Threats, Intimidation and Gaslighting in Politics: The Art of Normalized Misogyny.
When politicians flippantly use domestic violence techniques they fail women, their Government, and their country. They should also forfeit the right to operate in the public sphere representing any part of the US Government. While that is not the case, as our “pussy grabbing” President evidences, it should be. Our job is to continue speaking up against it, relentlessly, so that this position becomes the norm. Don’t stop. Don’t give up. Don’t be afraid. We are the resistance. We will prevail.
About a week ago, Rep. Blake Farenthold (R-Texas) said in a radio interview that if the three GOP “female senators” opposing his party’s repeal of Obamacare persisted and if they also happened to be men he would gladly settle the issue “Aaron Burr style,” referring to the 1804 duel where Burr killed Alexander Hamilton. Rep. Farenthold later minimized his statements as “tongue in cheek.” If the comment seems inappropriate and the explanation false, but you can’t quite put your finger on why, it is because Rep. Farenthold (likely unwittingly) is using common domestic violence techniques. And the fact they are hard to articulate makes them inordinately hard to fight, whether on a personal level when victims are trying to understand their situation or within the legal system, when lawyers are trying to explain why the situation at hand was an abusive one.
Domestic violence is often explained using a “Power and Control Wheel.” (This is a picture of an actual wheel with each slice represents a method of control). The Wheel illustrates the pattern of coercive behavior that makes up “domestic violence.” This is because domestic violence is not a distinct event. It is a series of events and behaviors that fall into recognized categories. These categories are characterized by the domination and control of one person over another, usually an intimate partner, through physical, psychological, emotional, verbal, sexual, and/or economic abuse. This abuse is repetitive in nature and affects the victim’s ability to “test reality,” to rely on her own perception of reality to understand herself and others.
Domestic violence is particularly pernicious because significant parts of it operate in the shadows of innuendo and tacit implications. The choking, punching, striking and over threats are only one of many pieces of the cycle of abuse. It is quite literally the tip of the iceberg. The part everyone sees, the part that hurts on impact, but only a small part of the gigantic edifice of intimate partner violence. This edifice is built in large part on the tacit acceptance that some verbal intimidation is acceptable, that some level of veiled violence is acceptable and (most importantly) that complaining about any of these things is “over the top” or being “hypersensitive.” Rep. Farenthold, while he may not have thought much of his own words, nonchalantly fell into that well-accepted construct. Some degree of threatened violence against women for non-compliance is acceptable. When called on his behavior, Rep. Farenthold immediately retreated to the other well-accepted technique: minimize the offending behavior and de-legitimize any negative reaction thereto.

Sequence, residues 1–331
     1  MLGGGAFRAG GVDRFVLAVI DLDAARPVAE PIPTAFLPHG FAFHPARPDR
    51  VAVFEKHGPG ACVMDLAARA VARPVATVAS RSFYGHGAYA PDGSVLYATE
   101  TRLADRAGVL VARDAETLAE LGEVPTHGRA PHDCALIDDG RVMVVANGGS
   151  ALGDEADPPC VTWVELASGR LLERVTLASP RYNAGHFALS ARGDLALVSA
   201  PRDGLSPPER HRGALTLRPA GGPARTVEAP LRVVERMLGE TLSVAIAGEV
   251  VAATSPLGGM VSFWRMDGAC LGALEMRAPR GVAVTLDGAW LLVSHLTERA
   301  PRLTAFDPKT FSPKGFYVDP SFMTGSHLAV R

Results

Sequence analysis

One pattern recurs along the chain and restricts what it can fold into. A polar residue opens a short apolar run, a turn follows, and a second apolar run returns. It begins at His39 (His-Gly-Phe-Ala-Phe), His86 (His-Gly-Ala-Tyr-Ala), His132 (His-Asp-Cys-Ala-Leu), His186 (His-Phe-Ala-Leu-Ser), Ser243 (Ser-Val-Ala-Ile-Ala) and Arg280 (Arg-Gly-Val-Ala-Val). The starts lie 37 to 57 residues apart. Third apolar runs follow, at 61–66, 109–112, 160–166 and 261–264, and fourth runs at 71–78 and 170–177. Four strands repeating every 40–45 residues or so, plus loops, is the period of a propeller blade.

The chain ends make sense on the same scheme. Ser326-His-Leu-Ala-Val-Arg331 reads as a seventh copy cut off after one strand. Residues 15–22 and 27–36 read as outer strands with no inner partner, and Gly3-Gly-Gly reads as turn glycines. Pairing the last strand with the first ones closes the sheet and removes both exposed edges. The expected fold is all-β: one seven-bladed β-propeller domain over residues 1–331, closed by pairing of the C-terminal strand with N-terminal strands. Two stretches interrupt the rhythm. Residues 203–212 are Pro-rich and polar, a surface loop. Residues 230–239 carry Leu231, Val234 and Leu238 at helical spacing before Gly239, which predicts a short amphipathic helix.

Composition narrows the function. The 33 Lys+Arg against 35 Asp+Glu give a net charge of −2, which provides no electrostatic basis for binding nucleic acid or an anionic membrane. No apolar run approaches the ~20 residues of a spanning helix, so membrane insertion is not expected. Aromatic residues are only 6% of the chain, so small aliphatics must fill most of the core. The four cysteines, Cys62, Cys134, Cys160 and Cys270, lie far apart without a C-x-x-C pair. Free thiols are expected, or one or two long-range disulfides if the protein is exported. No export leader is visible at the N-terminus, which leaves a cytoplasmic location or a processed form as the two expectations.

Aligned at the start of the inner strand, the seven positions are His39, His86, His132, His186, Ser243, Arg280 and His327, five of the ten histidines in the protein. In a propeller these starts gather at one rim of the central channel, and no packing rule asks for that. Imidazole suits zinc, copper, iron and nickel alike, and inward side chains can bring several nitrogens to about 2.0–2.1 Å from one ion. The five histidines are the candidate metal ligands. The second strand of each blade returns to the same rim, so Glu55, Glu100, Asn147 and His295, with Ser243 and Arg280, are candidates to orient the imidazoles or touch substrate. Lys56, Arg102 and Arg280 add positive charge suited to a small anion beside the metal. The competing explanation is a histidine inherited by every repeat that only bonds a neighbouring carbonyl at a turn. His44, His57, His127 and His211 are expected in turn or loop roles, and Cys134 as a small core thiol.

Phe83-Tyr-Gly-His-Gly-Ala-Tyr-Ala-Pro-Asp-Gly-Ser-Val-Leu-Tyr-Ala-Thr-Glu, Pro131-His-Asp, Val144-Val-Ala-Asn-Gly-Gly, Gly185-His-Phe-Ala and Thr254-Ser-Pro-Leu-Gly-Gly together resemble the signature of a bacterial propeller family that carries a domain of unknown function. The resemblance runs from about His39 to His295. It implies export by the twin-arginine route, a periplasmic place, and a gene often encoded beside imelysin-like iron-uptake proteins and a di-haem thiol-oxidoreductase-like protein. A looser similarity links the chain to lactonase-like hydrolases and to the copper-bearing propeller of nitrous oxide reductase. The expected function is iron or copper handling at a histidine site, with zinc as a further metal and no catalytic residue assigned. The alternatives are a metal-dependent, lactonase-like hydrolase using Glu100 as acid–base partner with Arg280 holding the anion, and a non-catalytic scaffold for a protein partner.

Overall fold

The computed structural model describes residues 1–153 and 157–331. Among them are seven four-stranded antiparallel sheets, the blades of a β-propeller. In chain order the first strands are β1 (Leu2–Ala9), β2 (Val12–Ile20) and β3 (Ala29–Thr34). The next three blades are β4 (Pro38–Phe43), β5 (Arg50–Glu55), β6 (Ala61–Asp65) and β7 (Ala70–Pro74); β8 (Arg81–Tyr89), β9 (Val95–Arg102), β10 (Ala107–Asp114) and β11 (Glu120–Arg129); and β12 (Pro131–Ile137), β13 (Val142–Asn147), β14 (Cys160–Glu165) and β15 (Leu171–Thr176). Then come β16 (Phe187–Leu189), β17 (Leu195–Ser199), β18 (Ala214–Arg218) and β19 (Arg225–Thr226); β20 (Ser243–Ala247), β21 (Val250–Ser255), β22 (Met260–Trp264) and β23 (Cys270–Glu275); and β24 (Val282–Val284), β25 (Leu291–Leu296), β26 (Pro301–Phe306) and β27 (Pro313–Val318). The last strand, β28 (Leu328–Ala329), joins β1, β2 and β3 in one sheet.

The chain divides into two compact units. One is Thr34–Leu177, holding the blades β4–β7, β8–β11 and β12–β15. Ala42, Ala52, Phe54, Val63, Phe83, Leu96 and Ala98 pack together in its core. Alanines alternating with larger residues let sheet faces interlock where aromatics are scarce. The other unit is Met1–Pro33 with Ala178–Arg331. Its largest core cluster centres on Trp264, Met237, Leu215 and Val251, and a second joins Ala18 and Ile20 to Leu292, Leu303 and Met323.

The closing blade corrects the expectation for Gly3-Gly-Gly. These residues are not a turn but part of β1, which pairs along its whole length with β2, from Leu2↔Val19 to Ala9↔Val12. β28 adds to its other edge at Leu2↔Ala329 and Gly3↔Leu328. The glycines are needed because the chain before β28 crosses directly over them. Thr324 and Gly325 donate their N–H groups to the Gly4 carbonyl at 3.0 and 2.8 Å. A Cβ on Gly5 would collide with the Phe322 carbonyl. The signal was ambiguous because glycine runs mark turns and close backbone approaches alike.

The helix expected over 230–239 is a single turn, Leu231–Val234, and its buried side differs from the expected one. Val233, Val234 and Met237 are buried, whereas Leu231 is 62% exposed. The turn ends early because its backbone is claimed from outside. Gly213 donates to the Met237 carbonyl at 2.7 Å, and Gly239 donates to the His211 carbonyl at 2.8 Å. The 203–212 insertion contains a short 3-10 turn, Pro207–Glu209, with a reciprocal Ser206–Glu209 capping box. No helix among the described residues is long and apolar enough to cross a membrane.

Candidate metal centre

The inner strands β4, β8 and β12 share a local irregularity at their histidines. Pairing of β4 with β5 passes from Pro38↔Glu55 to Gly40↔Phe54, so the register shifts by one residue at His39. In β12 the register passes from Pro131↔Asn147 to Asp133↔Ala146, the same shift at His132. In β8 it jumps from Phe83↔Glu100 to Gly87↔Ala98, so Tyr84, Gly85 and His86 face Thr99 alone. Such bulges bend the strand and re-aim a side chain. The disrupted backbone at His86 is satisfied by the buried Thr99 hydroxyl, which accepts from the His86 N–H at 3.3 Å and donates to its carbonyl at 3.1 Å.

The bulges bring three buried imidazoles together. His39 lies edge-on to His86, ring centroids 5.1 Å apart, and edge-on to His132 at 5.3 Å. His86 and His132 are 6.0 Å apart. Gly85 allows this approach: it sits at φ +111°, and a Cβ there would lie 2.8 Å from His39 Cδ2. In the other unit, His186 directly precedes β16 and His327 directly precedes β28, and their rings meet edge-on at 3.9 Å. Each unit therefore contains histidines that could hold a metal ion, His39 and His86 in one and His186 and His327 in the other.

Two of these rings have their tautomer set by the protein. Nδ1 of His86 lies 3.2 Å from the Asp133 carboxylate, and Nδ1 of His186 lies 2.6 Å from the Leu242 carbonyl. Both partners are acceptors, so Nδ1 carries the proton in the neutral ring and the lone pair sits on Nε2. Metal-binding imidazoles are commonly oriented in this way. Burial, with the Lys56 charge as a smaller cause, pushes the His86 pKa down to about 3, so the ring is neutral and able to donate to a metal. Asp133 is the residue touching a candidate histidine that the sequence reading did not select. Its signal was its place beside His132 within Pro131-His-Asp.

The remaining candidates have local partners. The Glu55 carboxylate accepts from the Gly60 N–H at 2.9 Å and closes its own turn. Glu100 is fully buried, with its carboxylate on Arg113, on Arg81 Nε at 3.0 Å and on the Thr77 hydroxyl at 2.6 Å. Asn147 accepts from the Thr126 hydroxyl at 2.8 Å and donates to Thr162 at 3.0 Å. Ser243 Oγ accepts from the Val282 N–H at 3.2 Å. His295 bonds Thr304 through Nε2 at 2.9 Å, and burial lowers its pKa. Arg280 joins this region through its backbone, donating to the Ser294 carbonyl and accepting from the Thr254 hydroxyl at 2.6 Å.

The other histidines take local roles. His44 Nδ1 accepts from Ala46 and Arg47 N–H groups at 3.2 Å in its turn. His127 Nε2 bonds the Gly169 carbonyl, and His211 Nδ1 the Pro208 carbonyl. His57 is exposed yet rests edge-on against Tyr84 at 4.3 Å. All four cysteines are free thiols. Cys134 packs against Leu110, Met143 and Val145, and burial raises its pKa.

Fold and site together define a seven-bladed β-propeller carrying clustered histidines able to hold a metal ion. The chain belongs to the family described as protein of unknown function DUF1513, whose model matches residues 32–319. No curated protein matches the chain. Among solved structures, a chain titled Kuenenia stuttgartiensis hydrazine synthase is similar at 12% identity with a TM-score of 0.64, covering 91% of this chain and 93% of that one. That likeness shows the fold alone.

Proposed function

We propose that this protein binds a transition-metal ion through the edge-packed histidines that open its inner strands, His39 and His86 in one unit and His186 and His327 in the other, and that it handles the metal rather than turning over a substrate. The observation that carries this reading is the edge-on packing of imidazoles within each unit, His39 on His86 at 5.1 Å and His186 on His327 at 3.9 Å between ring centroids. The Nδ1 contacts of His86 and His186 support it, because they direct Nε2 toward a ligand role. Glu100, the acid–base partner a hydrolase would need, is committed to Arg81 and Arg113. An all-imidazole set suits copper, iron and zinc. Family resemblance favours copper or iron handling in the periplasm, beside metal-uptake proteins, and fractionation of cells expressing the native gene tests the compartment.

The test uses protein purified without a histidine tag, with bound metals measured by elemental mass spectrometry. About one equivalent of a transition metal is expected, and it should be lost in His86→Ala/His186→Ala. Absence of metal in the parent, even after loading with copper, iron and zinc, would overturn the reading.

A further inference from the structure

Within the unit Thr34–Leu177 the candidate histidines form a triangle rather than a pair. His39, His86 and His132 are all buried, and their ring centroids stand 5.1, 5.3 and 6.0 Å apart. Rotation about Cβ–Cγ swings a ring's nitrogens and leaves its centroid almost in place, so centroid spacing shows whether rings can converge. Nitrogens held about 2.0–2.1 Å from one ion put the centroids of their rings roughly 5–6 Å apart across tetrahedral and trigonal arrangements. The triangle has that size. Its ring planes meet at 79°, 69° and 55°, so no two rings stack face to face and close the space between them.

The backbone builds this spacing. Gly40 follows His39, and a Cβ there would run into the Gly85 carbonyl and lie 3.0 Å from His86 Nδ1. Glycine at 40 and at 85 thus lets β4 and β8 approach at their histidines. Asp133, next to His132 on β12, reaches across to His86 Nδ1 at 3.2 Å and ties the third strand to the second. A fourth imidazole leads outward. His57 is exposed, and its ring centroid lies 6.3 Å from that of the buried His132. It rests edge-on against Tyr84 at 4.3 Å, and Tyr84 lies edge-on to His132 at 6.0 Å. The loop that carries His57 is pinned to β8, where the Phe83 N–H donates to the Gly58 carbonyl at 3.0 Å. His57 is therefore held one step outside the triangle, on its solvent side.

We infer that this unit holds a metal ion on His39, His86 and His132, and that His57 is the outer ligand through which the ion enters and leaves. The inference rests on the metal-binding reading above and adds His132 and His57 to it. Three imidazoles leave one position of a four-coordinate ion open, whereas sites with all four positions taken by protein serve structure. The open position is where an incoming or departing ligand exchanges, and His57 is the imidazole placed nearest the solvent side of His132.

Not surprisingly, this too is part of the domestic violence wheel: minimization. The process is also referred to as “gaslighting.” It de-legitimizes any sense of violation, discomfort, or fear resulting from the bad behavior. But the bad behavior did happen. In private, what should come next is introspection and a genuine apology. Not more grandstanding. In public, it should be utterly unacceptable. The fact that it is not only means that we have more to fight. The first step in that process is to recognize that we have the right to fight back. I am going to repeat that: we have the right to fight back.
Statements like Rep. Farenthold’s, which legitimize thoughts of violence—whether directed at or just in connection with the behavior of—women must be decried. Repeatedly. Every time. Every place. This behavior is not acceptable and it is not “tongue in cheek.” It is repugnant and dangerous. It needs to be called out for what it is, each and every time. If his words bothered you, trust your gut. If it didn’t bother you, ask yourself why.